Nature in Short / Rice farming changes but birds still feast

By Kevin Short / Special to The Japan News Happy autumn moons!

The seventh moon of this Fire-Rooster year will finally reach third quarter tomorrow. This year the traditional Asian lunar calendar has fallen way behind the western Gregorian reckoning we all follow. This is because an intercalary or leap month (uruutsuki) was added between the fifth and sixth months. These extra months keep the traditional lunar system from drifting out of sync with the actual seasons. The mathematics work out to an average of 7 extra months every 19-year period.

In her waning crescent phase, beautiful Luna does not rise until late in the evening. Glamour-struck mystics can look for the pale white goddess climbing through the eastern sky on their way home from a late night out; or sliding gracefully down the western horizon in the morning hours.

Out in the satoyama countryside the rice harvest is going full swing. My farmer friends say they never breathe easy until their rice is dried and bagged. Despite the inclement weather throughout August the harvest appears to be bountiful. In the past, sheaves of rice hung out to dry in the sun and breeze were a staple image of the early autumn countryside.

These days, however, almost all farmers own small powered drying sheds. Still, some prefer sun-dried rice, which they say tastes much better.

Another staple satoyama motif, whole families of farmers bent over at the waist, busily cutting rice stalks with hand-held sickles, has also pretty much disappeared from the landscape. Nowadays every farmer owns a small combine that cuts and threshes the rice, then pumps the grains up into waiting truck bins. My friends tell me that when they were young they could identify the most skillful rice harvesters by the clear, sharp sound their sickles made when cutting through the stalks. The new combines, they all agree, have made their work much easier. On the other hand, the investment in automatic equipment has left them with burdensome loans that are now hard to pay off due to falling rice prices.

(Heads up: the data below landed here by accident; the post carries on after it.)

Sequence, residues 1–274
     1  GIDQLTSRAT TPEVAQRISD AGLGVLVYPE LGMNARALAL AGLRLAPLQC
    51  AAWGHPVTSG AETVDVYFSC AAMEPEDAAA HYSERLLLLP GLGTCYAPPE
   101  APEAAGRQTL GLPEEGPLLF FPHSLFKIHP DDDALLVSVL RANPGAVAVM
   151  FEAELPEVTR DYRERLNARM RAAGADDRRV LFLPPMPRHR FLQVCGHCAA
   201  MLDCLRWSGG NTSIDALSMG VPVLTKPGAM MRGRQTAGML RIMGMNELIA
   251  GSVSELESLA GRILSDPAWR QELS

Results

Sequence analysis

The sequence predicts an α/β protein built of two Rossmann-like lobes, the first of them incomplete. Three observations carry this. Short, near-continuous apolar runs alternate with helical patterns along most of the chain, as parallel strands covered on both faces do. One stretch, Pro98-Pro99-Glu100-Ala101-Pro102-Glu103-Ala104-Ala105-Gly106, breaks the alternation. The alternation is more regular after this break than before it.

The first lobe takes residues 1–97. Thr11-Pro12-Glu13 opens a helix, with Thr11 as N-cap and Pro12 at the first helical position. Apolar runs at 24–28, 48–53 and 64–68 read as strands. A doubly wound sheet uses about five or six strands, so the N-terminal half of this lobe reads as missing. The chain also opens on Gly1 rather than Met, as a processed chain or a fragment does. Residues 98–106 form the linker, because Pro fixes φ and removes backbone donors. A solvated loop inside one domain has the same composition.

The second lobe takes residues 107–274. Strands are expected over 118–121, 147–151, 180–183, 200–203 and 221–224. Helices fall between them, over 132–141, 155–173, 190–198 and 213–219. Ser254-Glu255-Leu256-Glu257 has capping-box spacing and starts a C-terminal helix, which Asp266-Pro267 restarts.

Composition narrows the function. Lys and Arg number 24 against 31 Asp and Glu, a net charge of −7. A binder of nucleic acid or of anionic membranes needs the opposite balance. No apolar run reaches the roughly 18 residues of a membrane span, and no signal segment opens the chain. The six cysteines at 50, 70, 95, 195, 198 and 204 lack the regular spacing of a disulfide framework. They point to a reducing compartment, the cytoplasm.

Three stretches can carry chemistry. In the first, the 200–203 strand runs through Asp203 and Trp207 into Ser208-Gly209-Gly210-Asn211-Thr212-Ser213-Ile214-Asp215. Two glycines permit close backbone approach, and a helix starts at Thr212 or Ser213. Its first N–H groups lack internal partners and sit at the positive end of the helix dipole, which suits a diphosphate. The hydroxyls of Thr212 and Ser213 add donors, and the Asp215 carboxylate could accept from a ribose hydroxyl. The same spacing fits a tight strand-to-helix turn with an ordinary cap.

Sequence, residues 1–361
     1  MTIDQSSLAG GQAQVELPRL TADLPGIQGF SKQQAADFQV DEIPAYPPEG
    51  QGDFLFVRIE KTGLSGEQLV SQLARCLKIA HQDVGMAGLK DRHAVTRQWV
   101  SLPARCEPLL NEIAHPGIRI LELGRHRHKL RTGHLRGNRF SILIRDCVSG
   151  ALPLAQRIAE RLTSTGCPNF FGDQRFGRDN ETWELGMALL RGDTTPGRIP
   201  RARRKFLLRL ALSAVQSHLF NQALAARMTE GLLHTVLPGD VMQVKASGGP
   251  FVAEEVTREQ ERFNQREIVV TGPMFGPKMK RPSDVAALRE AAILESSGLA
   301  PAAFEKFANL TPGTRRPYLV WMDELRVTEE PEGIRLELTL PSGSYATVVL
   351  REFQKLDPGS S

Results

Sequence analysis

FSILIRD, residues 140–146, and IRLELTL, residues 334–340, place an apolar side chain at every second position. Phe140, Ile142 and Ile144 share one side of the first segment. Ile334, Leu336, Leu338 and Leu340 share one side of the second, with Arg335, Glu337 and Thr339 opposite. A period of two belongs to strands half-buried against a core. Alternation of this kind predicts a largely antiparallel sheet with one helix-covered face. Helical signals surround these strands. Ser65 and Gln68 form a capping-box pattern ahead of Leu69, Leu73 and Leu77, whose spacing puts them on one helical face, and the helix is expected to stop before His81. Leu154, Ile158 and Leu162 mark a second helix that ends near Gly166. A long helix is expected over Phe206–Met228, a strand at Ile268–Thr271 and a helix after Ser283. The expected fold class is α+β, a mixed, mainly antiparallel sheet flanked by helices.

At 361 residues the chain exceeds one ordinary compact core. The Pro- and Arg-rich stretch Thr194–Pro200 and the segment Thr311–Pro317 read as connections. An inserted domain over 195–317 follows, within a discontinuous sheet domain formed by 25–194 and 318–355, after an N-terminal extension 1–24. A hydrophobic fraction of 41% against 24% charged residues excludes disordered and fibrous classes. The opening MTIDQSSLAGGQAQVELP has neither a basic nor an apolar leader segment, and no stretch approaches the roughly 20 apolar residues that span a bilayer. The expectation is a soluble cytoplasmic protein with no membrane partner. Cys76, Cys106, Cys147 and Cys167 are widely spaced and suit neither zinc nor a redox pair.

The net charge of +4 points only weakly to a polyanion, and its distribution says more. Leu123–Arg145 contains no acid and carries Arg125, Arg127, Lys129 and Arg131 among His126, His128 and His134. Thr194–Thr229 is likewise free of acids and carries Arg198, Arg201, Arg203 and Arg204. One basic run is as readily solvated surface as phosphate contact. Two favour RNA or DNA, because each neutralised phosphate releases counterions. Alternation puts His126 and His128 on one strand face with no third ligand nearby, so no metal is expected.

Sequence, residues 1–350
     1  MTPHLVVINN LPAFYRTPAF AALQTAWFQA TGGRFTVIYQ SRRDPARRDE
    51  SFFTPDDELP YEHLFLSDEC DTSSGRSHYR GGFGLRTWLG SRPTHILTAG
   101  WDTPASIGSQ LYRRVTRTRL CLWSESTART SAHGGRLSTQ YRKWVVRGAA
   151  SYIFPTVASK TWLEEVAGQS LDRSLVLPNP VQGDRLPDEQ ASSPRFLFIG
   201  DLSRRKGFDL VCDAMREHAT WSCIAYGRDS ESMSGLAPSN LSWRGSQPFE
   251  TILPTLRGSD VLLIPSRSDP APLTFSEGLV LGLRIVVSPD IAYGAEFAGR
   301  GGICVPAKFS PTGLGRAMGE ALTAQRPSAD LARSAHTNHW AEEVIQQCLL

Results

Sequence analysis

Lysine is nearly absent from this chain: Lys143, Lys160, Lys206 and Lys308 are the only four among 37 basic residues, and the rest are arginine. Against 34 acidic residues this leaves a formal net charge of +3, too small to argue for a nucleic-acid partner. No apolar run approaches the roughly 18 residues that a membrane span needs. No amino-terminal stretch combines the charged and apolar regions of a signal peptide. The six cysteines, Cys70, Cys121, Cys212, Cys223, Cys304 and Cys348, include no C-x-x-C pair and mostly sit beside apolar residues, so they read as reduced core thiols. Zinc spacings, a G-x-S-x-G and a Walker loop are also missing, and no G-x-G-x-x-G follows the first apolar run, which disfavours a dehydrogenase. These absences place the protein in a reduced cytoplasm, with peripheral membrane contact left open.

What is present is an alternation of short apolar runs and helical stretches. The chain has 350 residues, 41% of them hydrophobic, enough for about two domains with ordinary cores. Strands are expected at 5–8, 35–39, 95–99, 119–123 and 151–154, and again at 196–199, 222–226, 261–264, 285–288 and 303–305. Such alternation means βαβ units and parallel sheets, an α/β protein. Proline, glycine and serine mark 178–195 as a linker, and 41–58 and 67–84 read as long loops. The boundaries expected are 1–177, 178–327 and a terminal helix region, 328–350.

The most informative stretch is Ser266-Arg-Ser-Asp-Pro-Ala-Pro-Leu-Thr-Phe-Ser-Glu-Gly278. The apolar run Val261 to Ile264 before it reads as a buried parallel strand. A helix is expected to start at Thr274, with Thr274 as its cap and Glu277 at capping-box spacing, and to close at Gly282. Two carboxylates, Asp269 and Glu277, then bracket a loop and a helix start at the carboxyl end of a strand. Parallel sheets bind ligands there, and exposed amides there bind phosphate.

Newly harvested rice paddies provide a windfall feeding opportunity for all sorts of countryside predators. Large numbers of grasshoppers, crickets and other insects, as well as frogs and lizards and all sorts of small animals, are turned out into the open when the rice stalks are cut and removed.

Itachi Japanese weasels love to eat fat frogs and grasshoppers, and are well aware of this potential bonanza. So are birds such as shrikes, crows, raptors and egrets. Intermediate egrets (chusagi) have a special love for post-harvest paddies; and the sashiba grey-faced buzzards always stop by for a quick snack during their slow southward migration. Carrion crows (hashibosogarasu) are versatile, opportunistic countryside critters that make quick use of any available feeding opportunity.

Bull-headed shrikes (mozu) are rarely seen during the summer months. At least some of these small but tenacious predators migrate up into the mountains during the hottest period. They always, however, make sure to get back home in time for the rice harvest bonanza. During the autumn both male and female shrikes stake out individual feeding territories, which they defend bravely all winter long. They angrily scold all intruders, including the human kind, with loud, shrill cries.

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Short is a naturalist and cultural anthropoloy professor at Tokyo University Information Sciences.


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